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Video Optimization – The Key to YouTube Success
Video is crucial to any good website, and video SEO, by extension, is necessary as well. Still a somewhat unexplored arena of SEO, video optimization is infiltrating the to-do lists of search marketers everywhere. Video is popping up in our search results, it’s being used for viral marketing more than ever before (see Kony 2012) and its major players are being used as verbs. Too often I will hear my Mom tell me over the phone to “Just YouTube it!”.
YouTube, owned by Google, is a favorite in Google’s search results and with over 4 billion videos being watched daily it’s not exactly a site to be ignored. Currently there is one hour of film being uploaded to YouTube every second. It’s incredible to see the wave video is riding, so how do we as search marketers take advantage of it?
Well for starters, with great content (one of the pillars to good SEO), also applies to video. But, there is a good deal of optimization we can do in addition to creating share-worthy content. With that said, let’s take a look at some of the tactics we can use to put together a great video optimization strategy.
YouTube Search Algorithm
In order to understand why we’re putting our focus in certain areas of the optimization techniques available to us, it helps to first become familiar with the basics of video search algorithms. Just like we strive to know what Google really values and how we can “play the game,” it also helps to take a look at what YouTube values when evaluating whether or not a video is relevant to a user’s search query. Watch this short video by one of YouTube’s own, Matthew Liu.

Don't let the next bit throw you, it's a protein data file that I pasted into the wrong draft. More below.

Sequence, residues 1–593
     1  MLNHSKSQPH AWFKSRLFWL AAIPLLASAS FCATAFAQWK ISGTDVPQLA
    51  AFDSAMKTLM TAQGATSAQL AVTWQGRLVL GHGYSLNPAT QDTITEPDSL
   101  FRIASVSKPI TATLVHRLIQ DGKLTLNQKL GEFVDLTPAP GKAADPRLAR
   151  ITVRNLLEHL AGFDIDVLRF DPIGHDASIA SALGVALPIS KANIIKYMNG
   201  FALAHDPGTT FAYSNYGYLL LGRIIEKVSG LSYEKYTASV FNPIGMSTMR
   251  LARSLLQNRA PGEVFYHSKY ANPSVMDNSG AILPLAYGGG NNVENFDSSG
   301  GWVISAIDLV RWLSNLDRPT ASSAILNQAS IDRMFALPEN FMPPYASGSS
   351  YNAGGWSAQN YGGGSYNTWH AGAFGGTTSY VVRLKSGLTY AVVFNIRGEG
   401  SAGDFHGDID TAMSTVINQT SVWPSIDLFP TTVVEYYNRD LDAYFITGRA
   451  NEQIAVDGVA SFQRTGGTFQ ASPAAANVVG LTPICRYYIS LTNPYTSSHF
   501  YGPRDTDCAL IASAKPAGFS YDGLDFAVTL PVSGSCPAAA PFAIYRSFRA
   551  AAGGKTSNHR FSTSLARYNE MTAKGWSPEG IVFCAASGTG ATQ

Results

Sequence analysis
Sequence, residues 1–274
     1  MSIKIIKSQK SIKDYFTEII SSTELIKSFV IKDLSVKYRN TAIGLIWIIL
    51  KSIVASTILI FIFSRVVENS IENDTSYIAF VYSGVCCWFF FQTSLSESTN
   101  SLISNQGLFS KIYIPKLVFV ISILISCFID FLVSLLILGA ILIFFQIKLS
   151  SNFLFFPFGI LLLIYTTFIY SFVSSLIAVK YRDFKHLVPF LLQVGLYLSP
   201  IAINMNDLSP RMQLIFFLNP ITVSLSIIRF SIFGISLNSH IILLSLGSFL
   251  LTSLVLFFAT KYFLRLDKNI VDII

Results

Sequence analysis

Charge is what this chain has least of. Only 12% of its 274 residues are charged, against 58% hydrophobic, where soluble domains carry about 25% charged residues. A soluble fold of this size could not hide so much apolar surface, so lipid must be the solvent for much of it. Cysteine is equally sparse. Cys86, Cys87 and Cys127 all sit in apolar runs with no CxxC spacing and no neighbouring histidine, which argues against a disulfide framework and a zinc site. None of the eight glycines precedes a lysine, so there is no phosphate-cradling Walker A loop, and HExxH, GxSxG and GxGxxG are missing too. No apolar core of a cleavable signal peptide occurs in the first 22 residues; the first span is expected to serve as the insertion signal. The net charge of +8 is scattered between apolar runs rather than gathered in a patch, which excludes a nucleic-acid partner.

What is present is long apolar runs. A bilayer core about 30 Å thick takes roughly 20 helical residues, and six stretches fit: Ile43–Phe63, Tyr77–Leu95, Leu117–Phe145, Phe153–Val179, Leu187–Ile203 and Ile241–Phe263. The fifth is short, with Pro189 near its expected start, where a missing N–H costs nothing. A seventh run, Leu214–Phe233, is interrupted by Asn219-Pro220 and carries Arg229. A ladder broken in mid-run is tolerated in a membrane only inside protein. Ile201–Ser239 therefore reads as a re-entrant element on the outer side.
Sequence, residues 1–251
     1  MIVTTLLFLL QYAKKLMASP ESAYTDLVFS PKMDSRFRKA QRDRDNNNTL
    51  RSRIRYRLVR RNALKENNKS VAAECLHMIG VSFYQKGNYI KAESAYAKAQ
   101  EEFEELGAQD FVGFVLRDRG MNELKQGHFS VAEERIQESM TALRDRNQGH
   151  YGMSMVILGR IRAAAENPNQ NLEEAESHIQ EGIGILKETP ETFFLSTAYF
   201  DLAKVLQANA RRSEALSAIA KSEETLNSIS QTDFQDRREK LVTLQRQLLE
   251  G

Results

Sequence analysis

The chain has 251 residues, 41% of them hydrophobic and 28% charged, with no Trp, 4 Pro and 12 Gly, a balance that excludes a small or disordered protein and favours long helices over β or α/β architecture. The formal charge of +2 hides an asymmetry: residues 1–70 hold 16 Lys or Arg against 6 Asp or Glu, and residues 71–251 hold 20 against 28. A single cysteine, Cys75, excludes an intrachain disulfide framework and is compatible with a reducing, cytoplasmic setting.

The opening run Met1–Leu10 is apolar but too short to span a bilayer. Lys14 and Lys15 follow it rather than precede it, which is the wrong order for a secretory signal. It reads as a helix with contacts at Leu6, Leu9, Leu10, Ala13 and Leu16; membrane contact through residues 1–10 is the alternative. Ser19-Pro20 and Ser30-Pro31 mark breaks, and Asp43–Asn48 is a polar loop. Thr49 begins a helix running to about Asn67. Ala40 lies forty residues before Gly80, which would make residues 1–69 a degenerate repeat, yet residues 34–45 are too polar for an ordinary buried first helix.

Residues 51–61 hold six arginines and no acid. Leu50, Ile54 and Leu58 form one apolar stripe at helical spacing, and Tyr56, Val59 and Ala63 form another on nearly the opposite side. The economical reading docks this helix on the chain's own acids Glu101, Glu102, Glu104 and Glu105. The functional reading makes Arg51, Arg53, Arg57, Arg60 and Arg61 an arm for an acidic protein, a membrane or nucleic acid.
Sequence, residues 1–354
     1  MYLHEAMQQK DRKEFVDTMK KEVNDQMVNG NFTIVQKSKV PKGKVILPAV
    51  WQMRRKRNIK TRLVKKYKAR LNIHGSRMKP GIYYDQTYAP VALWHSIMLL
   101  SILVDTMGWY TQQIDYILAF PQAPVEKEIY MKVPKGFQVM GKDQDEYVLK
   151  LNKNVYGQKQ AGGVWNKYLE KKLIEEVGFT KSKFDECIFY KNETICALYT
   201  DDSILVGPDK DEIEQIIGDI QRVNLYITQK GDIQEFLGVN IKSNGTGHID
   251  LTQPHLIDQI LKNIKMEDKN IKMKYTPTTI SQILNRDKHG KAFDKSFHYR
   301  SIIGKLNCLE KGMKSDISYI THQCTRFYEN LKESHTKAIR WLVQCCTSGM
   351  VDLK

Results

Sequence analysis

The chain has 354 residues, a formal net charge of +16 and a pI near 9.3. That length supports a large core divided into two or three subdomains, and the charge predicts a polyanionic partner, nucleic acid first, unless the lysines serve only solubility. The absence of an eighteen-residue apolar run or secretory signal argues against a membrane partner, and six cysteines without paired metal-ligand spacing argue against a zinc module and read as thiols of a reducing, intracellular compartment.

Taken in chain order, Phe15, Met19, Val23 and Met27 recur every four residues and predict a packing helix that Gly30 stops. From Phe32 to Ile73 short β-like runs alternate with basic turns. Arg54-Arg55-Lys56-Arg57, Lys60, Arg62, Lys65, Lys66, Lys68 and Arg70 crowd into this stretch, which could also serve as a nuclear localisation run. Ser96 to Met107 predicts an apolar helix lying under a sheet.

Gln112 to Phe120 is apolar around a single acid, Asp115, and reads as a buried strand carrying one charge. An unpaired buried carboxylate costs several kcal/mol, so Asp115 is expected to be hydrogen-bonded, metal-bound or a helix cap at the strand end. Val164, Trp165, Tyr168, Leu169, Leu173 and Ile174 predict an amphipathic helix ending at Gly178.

Based on Matthew’s talk with ReelSEO in the video above, we can group some of the key areas of focus he mentions into 3 ranking factors for YouTube.
The first is relevancy, which we know includes the keywords in the search query matching the title, description and tags. These are 3 things right off the bat that we can directly control and optimize to the best of our ability. For the video title, we want that to be concise but also include some of our most important keywords. Check out Kevin’s latest post on keyword research for video titles, which covers all the bases and also features one of our furry friends in an exclusive video. The second item we can control is the description we upload, which should include most of the keywords you’ve identified earlier, but kept readable in order to seem less spammy. Finally, use keyword tags liberally, but be sure to keep them related. YouTube looks at all of them, and if they don’t seem to relate to one another, it can hurt your rankings.
The second ranking factor is user engagement, which evaluates factors like the number of comments on the video page, number of times the video has been liked and viewed and how many times people shared the video. We can spark user engagement by creating video content that maybe asks for comments, features controversial topics or even uses humor to inspire comments. To further entice engagement, we can even add annotations within the video that ask the user to leave a comment about a specific portion of the video or click to another page for more information. This could start a lively discussion that is focused, and if done well, could even get users to leave comments related to your targeted keywords.
Trust and Authority